Lockheed/Vega B-17G-1-VE Fortress Serial 42-39775 damaged during a raid on the Bf-110 assembly plant at Waggum, near Brunswick Germany – 11 January 1944. This aircraft was repaired and returned to service, however it was again severely damaged and scrapped on 3 November 1944.

Activated 15 June 1942 at McDill Field FL. Nucleus established Pendleton Field, Ore, on 29 June 1942 and engaged in initial training. Detailed training at Davis-Monthan Fielf in Arizonia between 28 August 1942 and 31 October 1942 and at Biggs Field Texas between 1 November 1942 and 2 January 1943. Final phase training at Pueblo Colorado on January 1943 to the end of March 1943. Air echelon began movement overseas on 1 April 1943. The ground element left for Camp Kilmer, New Jersey on 17 April 1943 and sailed on the Queen Elizabeth on 5 May 1943, and arriving in Greenock on 11 May 1943. The 94th was assigned to the Eighth Air Force 4th Combat Bombardment Wing, and the group tail code was a "Square-A".

The 94th flew its first mission on 13 June 1943, bombing an airfield at Saint-Omer. After that, the group attacked such strategic objectives as the port of St Nazaire, shipyards at Kiel, an aircraft component parts factory at Kassel, a synthetic rubber plant at Hanover, a chemical factory at Ludwigshafen, marshalling yards at Frankfurt, oil facilities at Merseburg, and ball-bearing works at Eberhausen.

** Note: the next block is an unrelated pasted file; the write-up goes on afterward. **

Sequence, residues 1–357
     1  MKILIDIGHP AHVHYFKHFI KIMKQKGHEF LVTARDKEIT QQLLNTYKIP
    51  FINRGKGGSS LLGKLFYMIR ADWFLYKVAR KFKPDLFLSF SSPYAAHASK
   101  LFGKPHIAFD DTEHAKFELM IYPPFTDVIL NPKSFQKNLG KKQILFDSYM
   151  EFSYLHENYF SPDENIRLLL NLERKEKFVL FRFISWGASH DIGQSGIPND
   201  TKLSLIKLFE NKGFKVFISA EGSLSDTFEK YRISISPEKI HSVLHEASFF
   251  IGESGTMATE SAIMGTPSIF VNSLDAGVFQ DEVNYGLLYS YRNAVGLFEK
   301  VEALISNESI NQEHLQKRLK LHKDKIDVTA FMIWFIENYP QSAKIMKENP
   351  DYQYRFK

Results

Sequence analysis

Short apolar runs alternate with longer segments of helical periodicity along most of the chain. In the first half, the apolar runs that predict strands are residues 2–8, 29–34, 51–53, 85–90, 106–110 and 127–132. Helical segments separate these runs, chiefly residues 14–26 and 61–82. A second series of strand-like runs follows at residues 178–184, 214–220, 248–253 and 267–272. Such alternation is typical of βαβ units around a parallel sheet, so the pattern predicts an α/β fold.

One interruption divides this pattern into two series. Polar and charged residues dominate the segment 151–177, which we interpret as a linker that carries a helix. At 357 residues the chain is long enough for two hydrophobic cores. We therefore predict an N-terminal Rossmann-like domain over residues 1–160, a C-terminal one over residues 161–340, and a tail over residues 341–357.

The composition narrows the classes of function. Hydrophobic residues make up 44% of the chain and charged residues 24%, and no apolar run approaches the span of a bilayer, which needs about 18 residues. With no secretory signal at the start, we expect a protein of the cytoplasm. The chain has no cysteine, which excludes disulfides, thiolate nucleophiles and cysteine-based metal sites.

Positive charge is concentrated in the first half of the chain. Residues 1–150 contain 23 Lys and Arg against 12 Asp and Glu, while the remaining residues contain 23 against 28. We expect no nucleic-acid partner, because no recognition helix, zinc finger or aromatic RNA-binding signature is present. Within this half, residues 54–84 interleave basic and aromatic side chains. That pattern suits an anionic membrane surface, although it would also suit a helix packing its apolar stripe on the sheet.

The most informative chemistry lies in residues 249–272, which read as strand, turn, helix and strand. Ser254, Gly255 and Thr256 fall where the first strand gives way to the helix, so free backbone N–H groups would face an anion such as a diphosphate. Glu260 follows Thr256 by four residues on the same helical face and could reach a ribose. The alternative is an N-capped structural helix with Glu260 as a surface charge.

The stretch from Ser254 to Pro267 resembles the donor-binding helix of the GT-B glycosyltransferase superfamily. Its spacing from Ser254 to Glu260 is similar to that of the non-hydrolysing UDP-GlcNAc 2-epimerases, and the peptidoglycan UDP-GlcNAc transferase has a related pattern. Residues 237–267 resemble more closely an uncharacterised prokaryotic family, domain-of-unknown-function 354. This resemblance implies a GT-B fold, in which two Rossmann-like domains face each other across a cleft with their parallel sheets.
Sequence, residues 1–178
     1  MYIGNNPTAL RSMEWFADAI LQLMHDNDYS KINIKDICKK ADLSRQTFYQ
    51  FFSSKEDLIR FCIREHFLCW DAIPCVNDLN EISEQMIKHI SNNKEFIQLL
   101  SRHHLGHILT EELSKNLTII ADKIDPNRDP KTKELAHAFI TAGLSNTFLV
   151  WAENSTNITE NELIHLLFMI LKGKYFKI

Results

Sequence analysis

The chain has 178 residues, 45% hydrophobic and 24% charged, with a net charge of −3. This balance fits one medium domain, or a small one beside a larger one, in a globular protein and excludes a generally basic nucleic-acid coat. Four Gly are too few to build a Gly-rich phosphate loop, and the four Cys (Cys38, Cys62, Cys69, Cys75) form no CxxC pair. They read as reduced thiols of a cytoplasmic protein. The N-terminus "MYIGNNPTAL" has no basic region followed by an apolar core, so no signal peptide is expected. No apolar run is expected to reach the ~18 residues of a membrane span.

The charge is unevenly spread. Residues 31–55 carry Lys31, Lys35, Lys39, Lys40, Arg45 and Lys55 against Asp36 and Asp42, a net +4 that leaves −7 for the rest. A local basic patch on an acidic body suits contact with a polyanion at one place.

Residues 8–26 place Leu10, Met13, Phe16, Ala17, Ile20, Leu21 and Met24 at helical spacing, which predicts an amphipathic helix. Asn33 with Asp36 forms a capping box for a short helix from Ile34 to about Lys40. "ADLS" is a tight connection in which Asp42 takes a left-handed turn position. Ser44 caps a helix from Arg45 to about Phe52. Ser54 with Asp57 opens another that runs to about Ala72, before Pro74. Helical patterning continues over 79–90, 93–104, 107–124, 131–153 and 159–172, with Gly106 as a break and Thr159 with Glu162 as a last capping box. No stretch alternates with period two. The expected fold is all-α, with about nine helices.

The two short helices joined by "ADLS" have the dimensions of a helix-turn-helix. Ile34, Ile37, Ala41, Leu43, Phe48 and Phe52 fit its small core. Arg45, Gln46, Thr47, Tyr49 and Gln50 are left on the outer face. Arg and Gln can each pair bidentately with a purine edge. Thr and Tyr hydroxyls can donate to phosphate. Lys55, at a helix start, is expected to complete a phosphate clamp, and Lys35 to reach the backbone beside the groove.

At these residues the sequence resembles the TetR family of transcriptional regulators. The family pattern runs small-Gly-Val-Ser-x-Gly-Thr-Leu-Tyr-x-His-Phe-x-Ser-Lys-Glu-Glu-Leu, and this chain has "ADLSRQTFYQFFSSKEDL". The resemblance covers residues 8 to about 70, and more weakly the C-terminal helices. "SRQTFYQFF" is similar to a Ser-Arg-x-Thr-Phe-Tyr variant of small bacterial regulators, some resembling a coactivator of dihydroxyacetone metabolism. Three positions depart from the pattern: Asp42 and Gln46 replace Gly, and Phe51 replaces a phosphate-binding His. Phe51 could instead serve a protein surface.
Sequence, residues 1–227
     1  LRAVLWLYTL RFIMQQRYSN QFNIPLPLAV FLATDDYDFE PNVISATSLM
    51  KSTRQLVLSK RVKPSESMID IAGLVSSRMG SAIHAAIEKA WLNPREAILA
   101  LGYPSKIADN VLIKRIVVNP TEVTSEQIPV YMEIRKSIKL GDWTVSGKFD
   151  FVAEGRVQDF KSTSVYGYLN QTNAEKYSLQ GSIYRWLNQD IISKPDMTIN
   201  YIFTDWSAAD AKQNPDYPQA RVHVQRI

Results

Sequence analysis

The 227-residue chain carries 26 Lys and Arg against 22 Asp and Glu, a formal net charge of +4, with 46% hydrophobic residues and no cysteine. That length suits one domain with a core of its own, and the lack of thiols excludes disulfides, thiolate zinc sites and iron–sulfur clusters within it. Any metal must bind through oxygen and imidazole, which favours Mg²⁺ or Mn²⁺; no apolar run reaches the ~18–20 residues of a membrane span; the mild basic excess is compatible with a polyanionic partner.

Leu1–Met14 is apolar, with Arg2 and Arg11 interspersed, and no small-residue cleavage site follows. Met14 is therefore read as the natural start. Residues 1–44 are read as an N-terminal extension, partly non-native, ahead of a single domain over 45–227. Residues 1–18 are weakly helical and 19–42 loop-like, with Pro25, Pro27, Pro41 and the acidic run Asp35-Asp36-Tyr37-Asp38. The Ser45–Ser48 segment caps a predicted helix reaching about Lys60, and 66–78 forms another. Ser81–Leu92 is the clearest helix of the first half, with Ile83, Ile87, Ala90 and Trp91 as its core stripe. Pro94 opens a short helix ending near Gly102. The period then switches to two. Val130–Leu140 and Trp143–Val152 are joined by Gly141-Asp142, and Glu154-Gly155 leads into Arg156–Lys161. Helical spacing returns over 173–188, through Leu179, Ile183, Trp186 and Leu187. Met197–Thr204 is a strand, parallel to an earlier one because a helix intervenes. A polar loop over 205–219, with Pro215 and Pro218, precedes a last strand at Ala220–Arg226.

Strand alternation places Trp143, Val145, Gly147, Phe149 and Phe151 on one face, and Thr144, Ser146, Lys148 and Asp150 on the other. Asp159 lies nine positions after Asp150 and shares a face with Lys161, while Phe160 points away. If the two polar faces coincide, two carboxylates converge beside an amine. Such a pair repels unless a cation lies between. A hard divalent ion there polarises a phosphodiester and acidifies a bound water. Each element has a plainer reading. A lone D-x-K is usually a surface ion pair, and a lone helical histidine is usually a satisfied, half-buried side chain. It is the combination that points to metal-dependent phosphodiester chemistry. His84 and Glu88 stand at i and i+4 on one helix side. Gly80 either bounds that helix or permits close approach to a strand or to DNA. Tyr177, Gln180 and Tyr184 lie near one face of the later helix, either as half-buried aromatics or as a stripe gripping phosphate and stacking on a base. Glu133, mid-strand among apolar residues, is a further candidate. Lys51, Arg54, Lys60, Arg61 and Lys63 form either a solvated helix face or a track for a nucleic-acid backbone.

The group withstood repeated assaults by enemy interceptors to bomb an aircraft factory at Regensburg on 17 August 1943, being awarded a Distinguished Unit Citation for the mission. Braving adverse weather, heavy flak, and savage fighter attacks, the group completed a strike against an aircraft parts factory in Brunswick on 11 January 1944 and received a 2d DUC for this operation.

The 94th took part in the campaign of heavy bombers against the enemy aircraft industry during Big Week, 20–25 February 1944. Sometimes operated in support of ground forces and flew interdictory missions. Prior to D-Day in June 1944, helped to neutralize V-weapon sites, airfields, and other military installations along the coast of France. On 6 June the group bombed enemy positions in the battle area to support the invasion of Normandy. Struck troops and gun batteries to aid the advance of the Allies at Saint-Lô in July and at Brest in August. Covered the airborne attack on Holland in September. Hit marshalling yards, airfields, and strong points near the combat area during the Battle of the Bulge, December 1944 – January 1945. Bombed transportation, communications, and oil targets in the final push over the Rhine and across Germany.